Acquiring antique car insurance US is important if you happen to be the proud owner of a collector car or an old classic.
Seriously, check out this beautiful old 1930 Ford Model A Pickup. Isn't it a beauty?
This isn't the type of vehicle you run around in every day, and that's a signal right there that you don't want your everyday, run-of-the-mill, auto insurance coverage. You want something a little bit more special.
Special doesn't have to mean "expensive" though that is usually our first thought.
There's enough competition these days among insurers who provide collector car insurance, that you can get a reasonable deal if you know what to ask for and what specific points to make when inquiring for a quote.
Your car doesn't have to be as old as this example to qualify for antique auto insurance either. Classic cars as young as 20 years old can qualify for coverage in some cases.
If you have an older vehicle that you take exceptional care of and only drive occasionally (not your everyday transport), it's worth checking on getting some antique car insurance US coverage.
You're probably already familiar with the concept of Agreed Value when it comes to insuring antique or classic cars. Just in case this is all new to you, let me briefly discuss this concept.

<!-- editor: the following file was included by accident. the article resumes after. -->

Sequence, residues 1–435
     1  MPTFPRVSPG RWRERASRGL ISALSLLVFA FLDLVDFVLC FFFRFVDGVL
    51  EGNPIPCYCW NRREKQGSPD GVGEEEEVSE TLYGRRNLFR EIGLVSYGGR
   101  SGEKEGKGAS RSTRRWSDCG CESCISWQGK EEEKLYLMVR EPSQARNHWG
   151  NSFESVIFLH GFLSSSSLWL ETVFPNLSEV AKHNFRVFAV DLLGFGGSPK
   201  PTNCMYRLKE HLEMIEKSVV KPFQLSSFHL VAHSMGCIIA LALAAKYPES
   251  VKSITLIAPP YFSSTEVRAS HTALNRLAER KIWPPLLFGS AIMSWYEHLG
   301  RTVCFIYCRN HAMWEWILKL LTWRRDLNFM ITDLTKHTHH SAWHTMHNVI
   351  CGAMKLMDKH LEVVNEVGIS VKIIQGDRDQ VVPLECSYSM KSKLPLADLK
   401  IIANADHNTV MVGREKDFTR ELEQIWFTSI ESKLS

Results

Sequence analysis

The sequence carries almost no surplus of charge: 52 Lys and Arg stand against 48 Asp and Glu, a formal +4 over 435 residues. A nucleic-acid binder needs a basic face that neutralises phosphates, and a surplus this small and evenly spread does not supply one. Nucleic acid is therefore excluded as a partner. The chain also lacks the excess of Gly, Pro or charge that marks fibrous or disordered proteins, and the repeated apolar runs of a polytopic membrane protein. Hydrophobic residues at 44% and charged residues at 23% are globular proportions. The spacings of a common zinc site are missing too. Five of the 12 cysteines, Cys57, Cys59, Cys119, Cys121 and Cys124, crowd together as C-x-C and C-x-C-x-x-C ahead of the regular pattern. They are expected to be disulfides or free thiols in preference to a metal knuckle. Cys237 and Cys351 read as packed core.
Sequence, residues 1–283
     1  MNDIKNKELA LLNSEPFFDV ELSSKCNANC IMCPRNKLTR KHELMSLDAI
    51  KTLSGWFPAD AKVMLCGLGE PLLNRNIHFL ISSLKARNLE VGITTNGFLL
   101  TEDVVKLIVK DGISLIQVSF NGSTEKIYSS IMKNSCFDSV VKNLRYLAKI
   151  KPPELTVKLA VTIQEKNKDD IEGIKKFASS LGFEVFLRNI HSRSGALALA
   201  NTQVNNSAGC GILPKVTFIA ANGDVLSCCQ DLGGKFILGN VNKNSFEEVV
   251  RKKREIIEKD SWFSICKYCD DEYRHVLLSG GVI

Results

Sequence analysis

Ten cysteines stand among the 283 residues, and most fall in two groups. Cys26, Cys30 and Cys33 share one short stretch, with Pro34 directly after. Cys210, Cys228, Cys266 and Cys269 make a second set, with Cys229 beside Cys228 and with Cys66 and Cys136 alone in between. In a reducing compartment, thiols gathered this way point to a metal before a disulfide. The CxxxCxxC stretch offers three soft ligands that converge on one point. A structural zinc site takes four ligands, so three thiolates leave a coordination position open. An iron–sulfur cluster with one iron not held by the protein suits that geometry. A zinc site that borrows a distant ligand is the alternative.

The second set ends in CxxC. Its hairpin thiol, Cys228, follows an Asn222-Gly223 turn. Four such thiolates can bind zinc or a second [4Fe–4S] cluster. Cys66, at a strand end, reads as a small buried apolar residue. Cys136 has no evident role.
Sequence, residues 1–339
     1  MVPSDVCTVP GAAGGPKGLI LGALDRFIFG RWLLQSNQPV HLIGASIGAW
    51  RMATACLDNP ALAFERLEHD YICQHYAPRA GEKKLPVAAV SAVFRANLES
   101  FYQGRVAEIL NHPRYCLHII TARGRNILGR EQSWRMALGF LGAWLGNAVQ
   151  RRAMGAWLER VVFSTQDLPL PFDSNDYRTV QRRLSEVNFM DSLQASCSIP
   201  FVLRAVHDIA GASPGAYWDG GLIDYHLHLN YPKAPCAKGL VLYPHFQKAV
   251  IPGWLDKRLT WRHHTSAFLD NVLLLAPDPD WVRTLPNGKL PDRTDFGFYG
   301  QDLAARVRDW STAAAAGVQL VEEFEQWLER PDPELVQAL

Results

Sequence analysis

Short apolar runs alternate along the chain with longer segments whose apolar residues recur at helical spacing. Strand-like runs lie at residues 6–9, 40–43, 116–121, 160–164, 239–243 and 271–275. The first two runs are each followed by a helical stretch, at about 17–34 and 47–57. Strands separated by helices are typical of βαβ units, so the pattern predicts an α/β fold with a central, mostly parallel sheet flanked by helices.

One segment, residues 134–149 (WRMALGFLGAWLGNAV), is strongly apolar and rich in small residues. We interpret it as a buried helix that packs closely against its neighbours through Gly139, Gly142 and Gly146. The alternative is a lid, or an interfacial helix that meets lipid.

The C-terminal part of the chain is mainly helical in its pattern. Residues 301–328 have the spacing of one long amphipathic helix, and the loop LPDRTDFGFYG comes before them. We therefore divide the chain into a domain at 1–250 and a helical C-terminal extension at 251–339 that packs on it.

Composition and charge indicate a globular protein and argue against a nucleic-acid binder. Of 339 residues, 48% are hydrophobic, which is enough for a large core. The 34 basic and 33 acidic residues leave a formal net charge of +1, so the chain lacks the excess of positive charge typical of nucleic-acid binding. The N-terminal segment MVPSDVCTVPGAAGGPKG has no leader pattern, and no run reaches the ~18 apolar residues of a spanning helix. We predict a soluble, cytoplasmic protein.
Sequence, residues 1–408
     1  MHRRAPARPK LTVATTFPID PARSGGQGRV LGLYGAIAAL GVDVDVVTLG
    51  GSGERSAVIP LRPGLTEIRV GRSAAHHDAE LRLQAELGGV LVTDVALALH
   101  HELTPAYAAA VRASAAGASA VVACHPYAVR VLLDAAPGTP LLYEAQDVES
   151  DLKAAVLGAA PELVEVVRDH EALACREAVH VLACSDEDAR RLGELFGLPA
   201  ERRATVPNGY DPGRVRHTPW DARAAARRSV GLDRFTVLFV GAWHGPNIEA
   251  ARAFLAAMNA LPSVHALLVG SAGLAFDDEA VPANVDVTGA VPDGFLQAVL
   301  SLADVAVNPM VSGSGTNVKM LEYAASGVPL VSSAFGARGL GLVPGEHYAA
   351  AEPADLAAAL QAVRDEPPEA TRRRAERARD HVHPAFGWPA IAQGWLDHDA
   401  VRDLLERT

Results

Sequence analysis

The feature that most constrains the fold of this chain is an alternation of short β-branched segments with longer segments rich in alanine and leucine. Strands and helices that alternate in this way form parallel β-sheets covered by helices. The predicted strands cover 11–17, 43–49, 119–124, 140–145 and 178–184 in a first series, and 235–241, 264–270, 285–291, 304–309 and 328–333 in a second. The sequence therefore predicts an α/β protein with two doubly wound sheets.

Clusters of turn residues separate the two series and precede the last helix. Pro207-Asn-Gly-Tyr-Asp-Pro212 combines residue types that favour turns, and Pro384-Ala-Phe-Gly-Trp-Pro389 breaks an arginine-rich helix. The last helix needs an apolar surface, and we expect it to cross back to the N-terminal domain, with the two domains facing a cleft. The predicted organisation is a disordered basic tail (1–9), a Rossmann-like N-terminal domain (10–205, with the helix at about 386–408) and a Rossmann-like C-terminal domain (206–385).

Generally speaking, auto insurance covers the Actual Value of your vehicle. That figure is estimated based on the year and condition of the car and often includes the Blue Book estimate when the determination is made.
For many classic cars that are in good condition or have become genuine collectables, that value may be seriously off. You could find yourself with insurance coverage that is much less than the replacement value of your vehicle.
One of the specialties of those that insure collector cars is to offer their clients an Agreed Value coverage rather than Actual Value. You and the insurer agree on the value of the car in question and design the policy accordingly.
Inevitably, this may mean that your premiums are higher (based on the agreed value of your car), but it will also mean that you won't end up losing a bundle should you happen to have a serious accident or damage.
You may be tempted to skimp on the Agreed Value to keep your premiums down (that would be my tendency), but consider whether it would really be worth it if you suffered a loss.
Another consideration when purchasing antique auto insurance in the US is whether or not to report any modifications you've made to the vehicle to the insurance company.
Again, the temptation will be to assume that what they don't know won't hurt them. That may be true, but it could hurt YOU!
If you ever have to file a claim and it is discovered that you have modifications on your vehicle that were not specified, there is a good chance that the company can legally refuse to pay your claim.
Even if you report your modifications and have them covered, be sure that you understand exactly what is covered and for how much. There are usually coverage limits to modifications that are much lower than your regular limits, so don't be afraid to ask questions until you fully understand your policy.